Urban Landscape - Los Angeles
Urban Landscape - Los Angeles

Urban Landscape – Los Angeles is located in the Western United States in South California. However, the city is nearly 470 square miles in land area and has an irregular shape with the expensive areas in the northern portion of the city. With its 4,000,000 population, it is the second most crowded city in the U.S. after New York. The city is known for its Mediterranean climate and its sprawling metropolis. Also, being one of the leading centers in terms of business international trade and commerce, entertainment, industry, culture, fashion, media, and technology makes the Los Angeles region the third wealthiest region in the world.  

Urban Landscape - Los Angeles: The Contemporary City
Urban Landscape – Los Angeles: The Contemporary City

History of The Contemporary City as Urban Landscape- Los Angeles

Los Angeles City has a rich history back to the time long before California became the territory of the United States. However, it was officially founded on September, 4, 178 by Spanish governor Felipe De Neve named El Pueblo de Nuestra Señora la Reina de Los Angeles( the village of our lady and the Queen of Angels). Pueblo became a Mexican city in 1821 after the Mexican War of Independence. Thus, throughout the 1850’s municipal officials used the maps of Pueblo to sell off some city’s land. However, after subsequent years new surveys and plans were replaced by the old plans for the growth and development of the city. Thus, Pueblo officially became the City of Los Angeles under the U.S system in 1850.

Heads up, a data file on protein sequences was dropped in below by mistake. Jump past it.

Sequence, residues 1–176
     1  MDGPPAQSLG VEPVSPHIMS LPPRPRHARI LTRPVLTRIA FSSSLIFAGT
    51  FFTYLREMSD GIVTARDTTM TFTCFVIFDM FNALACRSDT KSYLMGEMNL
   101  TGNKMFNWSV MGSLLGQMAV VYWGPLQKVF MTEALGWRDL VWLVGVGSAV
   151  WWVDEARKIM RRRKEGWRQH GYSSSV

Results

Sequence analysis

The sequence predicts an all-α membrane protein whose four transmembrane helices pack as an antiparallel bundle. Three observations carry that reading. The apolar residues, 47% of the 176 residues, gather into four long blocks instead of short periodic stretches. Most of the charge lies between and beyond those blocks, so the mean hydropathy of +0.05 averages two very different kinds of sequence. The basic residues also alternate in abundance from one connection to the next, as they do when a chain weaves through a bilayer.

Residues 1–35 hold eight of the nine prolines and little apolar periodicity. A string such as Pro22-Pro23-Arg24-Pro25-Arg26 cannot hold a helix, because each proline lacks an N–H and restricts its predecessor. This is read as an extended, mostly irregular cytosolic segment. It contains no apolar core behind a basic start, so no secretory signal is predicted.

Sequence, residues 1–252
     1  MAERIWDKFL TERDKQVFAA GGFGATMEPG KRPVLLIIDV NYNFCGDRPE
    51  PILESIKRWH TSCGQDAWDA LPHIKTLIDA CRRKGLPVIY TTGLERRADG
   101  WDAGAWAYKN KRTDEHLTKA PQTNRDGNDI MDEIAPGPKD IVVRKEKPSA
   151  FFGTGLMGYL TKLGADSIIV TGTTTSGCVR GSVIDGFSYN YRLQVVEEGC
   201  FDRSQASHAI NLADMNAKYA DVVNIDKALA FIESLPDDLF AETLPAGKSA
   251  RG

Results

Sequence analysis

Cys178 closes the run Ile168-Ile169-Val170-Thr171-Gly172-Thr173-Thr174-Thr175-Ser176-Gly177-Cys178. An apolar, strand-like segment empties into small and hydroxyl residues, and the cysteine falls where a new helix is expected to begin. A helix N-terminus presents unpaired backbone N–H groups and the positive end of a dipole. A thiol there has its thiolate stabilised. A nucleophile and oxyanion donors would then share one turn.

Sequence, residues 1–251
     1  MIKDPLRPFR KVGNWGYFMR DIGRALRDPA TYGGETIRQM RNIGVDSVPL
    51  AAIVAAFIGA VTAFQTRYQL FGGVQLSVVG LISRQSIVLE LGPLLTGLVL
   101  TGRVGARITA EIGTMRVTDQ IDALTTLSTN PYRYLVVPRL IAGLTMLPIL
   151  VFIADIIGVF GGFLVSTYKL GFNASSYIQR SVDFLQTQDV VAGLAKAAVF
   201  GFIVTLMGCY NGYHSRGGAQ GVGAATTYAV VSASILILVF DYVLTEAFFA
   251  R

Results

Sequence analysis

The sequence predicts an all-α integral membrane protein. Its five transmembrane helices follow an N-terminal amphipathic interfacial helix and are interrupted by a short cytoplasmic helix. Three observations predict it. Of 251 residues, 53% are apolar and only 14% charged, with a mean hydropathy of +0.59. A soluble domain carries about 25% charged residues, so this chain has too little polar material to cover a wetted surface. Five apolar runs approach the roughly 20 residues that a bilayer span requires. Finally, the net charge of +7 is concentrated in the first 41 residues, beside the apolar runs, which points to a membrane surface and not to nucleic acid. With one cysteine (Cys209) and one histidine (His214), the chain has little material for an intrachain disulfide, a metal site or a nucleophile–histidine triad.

Urban Landscape - Los Angeles: The Contemporary City
Los Angeles in 1781 when known as “The Pueblo”
Los Angeles in 1871

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Planning in the 20th century

The period between 1913- 1941 served the development and planning in Los Angeles as the city was facing a rapid increase in population, business expansion. and traffic congestion. Therefore, it was needed to expand and divide the city into two main districts: residential, and industrial ( zoning). With this, a city planning committee established under Gordan Whitall( the Planning Director) as he commissioned 5 people to control the major planning areas such as:-

  • Official plans
  • Zoning
  • Building lines
  • Subdivisions
  • Public Building and Recreational Areas.
Old survey map of Los Angeles 1849
Urban Landscape - Los Angeles: The Contemporary City
Downtown Los Angeles Aerial View 1935